Trainer works to prepare horse for ‘Trainer’s Challenge of the Unwanted Horse’

Click here to read about Hope, a horse who survived ‘horrible’ conditions and now has a second chance

Click here to read more about the Trainer’s Challenge of the Unwanted Horse

by Joni Astrup

Associate Editor

Aubreanne Dockter, of Nowthen, is working with a 4-year-old mustang cross named Jojo, preparing her for the Trainer’s Challenge of the Unwanted Horse.

Aubreanne Dockter and JoJo competed at the OutWest Ranch show in Buffalo earlier this summer. Photo by Mary  Knack

Aubreanne Dockter and Jojo competed at the OutWest Ranch show in Buffalo earlier this summer. Photo by Mary Knack

The Sept. 20 event will showcase horses like Jojo and offer them a second chance. The Trainer’s Challenge is put on Minnesota Hooved Animal Rescue Foundation in Zimmerman, which also owns Jojo.

Jojo’s mother, Ramona, was taken in from a Tower, Minnesota, humane case before she was born.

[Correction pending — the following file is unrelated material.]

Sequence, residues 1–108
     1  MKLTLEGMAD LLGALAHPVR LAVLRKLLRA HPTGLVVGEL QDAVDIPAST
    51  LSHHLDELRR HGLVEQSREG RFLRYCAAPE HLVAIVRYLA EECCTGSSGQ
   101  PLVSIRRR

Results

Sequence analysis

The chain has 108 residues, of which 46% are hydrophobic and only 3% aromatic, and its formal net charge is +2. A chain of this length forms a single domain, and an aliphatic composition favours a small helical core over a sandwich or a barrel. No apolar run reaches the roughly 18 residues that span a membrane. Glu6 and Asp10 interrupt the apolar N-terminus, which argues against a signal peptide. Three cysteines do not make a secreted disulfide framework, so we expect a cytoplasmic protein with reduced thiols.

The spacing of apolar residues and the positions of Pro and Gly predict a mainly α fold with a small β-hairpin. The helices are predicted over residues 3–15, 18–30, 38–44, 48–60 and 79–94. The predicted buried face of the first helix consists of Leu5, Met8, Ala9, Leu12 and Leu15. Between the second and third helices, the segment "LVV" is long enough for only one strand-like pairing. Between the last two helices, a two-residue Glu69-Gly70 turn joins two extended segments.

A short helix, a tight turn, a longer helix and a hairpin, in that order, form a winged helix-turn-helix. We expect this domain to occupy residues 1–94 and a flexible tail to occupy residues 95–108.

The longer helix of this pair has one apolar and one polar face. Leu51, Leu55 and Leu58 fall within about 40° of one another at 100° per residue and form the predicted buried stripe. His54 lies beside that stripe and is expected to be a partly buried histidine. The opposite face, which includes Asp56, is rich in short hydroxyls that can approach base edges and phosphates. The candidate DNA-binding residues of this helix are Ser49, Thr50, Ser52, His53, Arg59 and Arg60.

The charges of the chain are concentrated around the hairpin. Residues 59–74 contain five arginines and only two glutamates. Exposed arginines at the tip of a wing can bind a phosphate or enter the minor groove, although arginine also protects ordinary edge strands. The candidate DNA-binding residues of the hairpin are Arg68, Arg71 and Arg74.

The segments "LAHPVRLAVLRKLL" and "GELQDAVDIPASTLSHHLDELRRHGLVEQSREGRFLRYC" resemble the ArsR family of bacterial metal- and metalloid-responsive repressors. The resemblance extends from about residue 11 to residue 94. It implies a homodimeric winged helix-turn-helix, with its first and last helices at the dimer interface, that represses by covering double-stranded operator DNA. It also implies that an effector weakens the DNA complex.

“She, herself, has never experienced any mistreatment or neglect,” Dockter said of Jojo.

Jojo is being housed at Horse Play Ranch in Corcoran, where Dockter works as the manager and trainer. Dockter has been training Jojo since May and said the horse is doing well.

“She’s interesting. She’s very trusting, very friendly, but very much a boss mare. She wants to have control of things and will do what she can to get it, but she also knows her limits, too,” Dockter said.

She would like to see someone with a strong personality and who is not easily intimidated adopt Jojo. She said Jojo would make a good trail or show horse.

“With a few more miles on her, I think she would even be a good beginner horse,” Dockter said.

Dockter, who grew up between Elk River and Big Lake, has had horses for nearly 30 years.

She has been training and caring for horses professionally for more than 15 years.

“It’s just something I’ve always loved and had a passion for,” she said.

Dockter participated in the Trainer’s Challenge of the Unwanted Horse for the first time last year, working with a horse named Sparrow who had been abused.

Trainers volunteer their time. Dockter said it’s a great way to help the horses and she enjoys the challenge.

“I learned a ton from the horse I had (last year) and enjoyed the whole experience,” she said. “Plus, it benefits the horses. It’s always more about the horses than it is about us.”

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